The great writers James Baldwin and Richard Wright. Archived Photo – Conspiracy Talk News

PARIS (Conspiracy Talk News) – The great black US writers James Baldwin and Richard Wright began their dispute over the work of the latter “Native Son” at Café Les Deux Magots. 

Miles Davis walked by the Seine holding hands with Juliette Greco after spending time with Pablo Picasso. 

Josephine Baker was idolized for her performances at the Theater des Champs-Elysees.

Most tourists take selfies at the Eiffel Tower, they go to see the Mona Lisa at the Louvre and the Arc de Triomphe. 

But if you want to do something different, explore the relationship African Americans have with the city of light. Several of the most prominent black intellectuals and artists in the United States settled in Paris to escape the racism of their country in the 20th century. And with a little work, you can follow in their footsteps.

“Paris … There you can be whatever you want to be. Totally you “, wrote the poet Langston Hughes, according to the book of memories of Paule Marshal” Triangular Road “(Triangular Way).

“I never felt any regret” after changing the United States for France, Wright said.

How many of these expatriates felt more at ease in Paris than in their own country is the theme of Black Paris Tours, a walk designed by Ricki Stevenson.

In the United States, African Americans grappled with segregation, racial violence and lack of support for their art. 

But in Paris, they drank wine with the surrealists, frequented bars that collaborated with the French resistance during the Second World War and their works were very well received, according to Stevenson. 

The French admired them and gave them opportunities, which is striking if one thinks about the treatment they gave to their African colonies. And while Paris is today a multi-ethnic city, immigrants from its former colonies, especially North African ones, are often discriminated against and targeted for racist demonstrations even today.

A few decades ago, however, African-Americans felt welcome. 

Freda Josephine McDonald, a native of San Luis, for example, came to Paris as a dancer after cleaning houses and taking care of children for wealthy white families in the United States. In her country they told her that she was “too black”. But in Paris she caused a sensation with her performance in the show La Revue Negre at the Theater des Champs-Elysees. With the new name of Josephine Baker, she was one of the most popular artists of her time.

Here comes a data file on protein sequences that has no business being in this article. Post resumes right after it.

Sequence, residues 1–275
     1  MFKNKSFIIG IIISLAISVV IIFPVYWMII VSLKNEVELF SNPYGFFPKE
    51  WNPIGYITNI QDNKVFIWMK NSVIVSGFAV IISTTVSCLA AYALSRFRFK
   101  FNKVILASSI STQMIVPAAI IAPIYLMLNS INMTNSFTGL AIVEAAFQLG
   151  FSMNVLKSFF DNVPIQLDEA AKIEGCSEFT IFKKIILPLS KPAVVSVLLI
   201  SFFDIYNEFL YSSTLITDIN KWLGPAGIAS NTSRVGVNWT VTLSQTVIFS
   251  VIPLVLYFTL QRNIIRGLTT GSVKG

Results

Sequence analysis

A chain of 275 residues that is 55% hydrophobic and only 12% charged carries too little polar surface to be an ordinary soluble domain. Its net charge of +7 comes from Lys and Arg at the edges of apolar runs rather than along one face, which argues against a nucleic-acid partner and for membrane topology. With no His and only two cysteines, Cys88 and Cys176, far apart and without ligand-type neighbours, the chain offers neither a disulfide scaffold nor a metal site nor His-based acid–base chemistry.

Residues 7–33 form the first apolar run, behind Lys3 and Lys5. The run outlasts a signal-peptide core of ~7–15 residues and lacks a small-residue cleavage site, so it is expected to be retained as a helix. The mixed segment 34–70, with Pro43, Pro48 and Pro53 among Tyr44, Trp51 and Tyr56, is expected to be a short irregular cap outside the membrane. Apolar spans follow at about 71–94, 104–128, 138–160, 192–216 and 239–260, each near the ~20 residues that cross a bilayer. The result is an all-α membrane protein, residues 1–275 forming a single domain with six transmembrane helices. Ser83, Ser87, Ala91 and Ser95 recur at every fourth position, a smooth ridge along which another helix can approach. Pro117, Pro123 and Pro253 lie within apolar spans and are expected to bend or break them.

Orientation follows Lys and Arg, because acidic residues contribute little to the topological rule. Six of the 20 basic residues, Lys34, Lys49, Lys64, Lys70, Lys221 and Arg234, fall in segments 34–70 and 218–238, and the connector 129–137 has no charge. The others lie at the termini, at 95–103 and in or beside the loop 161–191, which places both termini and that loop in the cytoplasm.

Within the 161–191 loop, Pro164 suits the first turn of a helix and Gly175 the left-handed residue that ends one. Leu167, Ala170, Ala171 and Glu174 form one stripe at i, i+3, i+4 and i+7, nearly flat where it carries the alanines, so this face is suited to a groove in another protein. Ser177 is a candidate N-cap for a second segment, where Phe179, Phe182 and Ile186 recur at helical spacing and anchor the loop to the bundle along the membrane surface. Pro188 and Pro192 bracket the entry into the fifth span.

“In Paris she had the opportunity to make a rich, full life,” Stevenson said. “Something I could not have in the United States.”

When she died in 1975, she was buried with a French military uniform and the medals she received for her role in the resistance.

Today, one can see a show at the Theater des Champs-Elysees, visit Baker’s favorite restaurant, La Coupole, and take photos at Josephine Baker Plaza. Her image is rarely seen in the United States, but it is everywhere in Paris. There is even a swimming pool that bears her name, on a barge that floats on the Seine.

And while the Lenox Lounge, the famous Harlem jazz club where Billie Holiday sang, has already closed, Parisian jazz clubs like the Caveau de la Huchette in the Latin Quarter still offer large doses of swing and bebop.

Founded in 1947, the Caveau de la Huchette was one of several clubs in which African-American artists could make a living. There, figures such as Lionel Hampton and Art Blakey and their Jazz Messengers performed. Last year, some scenes from the movie “La La Land” were filmed at the club.

Around the corner, there are businesses selling old things that sell posters of black jazz musicians and hard-to-find vinyl albums, like Coleman Hawkins’ “The Hawk in Paris.”

The Café de Flore of Saint Germain des Press is famous because it was the favorite place of Ernest Hemingway. But it was also the place where James Baldwin, raised in Harlem and who arrived in Paris with only $40 in his pockets, wrote “Go Tell It on the Mountain.” There is a small picture of Hemingway on the floor above, but none of Baldwin.

At the Cafe Le Select, where the intellectuals met before the Second World War, Baldwin finished “Giovanni’s Room” (Giovanni’s Room), a novel about an American in Paris and his affair with an Italian.

Remembering his season in Paris, Miles Davis once wrote: “I loved being in Paris and I loved the way they treated me.”


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